|Male (green) and female (red) at Singapore Zoo|
The eclectus parrot (Eclectus roratus) is a parrot native to the Solomon Islands, Sumba, New Guinea and nearby islands, northeastern Australia, and the Maluku Islands (Moluccas). It is unusual in the parrot family for its extreme sexual dimorphism of the colours of the plumage; the male having a mostly bright emerald green plumage and the female a mostly bright red and purple/blue plumage. Joseph Forshaw, in his book Parrots of the World, noted that the first European ornithologists to see eclectus parrots thought they were of two distinct species. Large populations of this parrot remain, and they are sometimes considered pests for eating fruit off trees. Some populations restricted to relatively small islands are comparably rare. Their bright feathers are also used by native tribespeople in New Guinea as decorations.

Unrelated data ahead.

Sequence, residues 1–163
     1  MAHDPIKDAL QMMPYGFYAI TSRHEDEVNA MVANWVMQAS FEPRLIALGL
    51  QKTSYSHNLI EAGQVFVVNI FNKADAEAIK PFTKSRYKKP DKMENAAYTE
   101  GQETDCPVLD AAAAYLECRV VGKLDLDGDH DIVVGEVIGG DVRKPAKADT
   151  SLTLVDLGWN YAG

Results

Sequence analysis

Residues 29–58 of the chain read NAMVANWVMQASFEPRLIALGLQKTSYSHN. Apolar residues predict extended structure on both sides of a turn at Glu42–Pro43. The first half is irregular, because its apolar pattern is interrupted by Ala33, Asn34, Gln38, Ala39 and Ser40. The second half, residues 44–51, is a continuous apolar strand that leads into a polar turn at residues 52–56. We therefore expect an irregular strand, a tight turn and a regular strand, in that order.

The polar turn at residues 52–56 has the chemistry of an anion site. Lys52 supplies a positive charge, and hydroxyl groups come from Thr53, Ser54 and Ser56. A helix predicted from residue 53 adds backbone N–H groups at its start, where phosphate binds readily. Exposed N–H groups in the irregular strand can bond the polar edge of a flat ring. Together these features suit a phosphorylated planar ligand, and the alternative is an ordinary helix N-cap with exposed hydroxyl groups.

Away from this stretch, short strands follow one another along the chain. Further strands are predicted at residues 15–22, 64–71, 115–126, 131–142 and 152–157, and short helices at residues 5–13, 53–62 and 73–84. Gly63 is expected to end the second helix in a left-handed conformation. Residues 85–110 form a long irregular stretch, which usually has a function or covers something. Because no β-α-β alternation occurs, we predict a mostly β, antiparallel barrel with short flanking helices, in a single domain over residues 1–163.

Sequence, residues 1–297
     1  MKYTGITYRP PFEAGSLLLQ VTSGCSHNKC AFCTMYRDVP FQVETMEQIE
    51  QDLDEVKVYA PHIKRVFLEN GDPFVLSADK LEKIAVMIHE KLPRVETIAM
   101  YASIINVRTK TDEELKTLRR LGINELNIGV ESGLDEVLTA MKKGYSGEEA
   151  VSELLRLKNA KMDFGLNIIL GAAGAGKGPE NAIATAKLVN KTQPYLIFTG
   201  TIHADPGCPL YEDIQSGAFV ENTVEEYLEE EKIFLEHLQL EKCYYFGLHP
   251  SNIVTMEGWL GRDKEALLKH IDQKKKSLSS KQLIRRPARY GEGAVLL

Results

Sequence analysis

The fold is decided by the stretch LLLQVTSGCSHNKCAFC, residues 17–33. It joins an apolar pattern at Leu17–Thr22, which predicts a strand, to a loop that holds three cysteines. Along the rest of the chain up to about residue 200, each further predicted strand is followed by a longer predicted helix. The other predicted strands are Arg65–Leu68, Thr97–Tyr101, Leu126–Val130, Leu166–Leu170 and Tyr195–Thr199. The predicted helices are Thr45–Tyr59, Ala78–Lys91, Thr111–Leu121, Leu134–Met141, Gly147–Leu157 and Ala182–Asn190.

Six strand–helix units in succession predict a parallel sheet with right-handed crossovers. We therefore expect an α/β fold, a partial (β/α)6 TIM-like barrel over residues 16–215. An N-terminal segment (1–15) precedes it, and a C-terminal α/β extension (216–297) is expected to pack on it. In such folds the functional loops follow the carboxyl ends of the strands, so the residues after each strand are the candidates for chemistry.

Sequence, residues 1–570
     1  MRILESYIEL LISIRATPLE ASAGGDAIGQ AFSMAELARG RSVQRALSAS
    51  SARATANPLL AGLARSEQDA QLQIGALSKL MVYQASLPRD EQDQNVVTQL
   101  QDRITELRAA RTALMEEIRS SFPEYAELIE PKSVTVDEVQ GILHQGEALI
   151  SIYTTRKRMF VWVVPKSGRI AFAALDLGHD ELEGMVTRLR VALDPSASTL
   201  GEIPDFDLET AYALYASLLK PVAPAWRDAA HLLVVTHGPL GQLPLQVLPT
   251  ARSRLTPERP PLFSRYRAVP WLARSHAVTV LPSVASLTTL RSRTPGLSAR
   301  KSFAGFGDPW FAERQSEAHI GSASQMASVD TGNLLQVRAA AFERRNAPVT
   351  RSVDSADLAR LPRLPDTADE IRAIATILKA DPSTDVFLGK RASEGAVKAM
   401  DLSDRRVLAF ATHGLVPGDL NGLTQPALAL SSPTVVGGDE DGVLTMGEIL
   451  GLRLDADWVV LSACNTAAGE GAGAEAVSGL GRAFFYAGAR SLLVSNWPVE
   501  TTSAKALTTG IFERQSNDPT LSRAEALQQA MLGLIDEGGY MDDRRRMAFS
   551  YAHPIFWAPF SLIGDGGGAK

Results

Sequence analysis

Ornithologists usually classify the eclectus parrot as a member of tribe Psittaculini in the family Psittacidae of order Psittaciformes. However, some recent thoughts indicate a great deal of commonality between the eclectus parrot and the Lorini tribe.[verification needed]
Sir D'Arcy Wentworth Thompson noted similarities in the skull were noted between the eclectus parrot and members of the genus Geoffroyus, specifically in the auditory meatus and the prefrontal reaching but not joining the squamosal bones. The skull of members the genus Tanygnathus is also generally similar.
The eclectus parrot is the most sexually dimorphic of all the parrot species. The contrast between the brilliant emerald green plumage of the male and the deep red/purple plumage of the female is so marked that the two birds were, until the early 20th century, considered to be different species.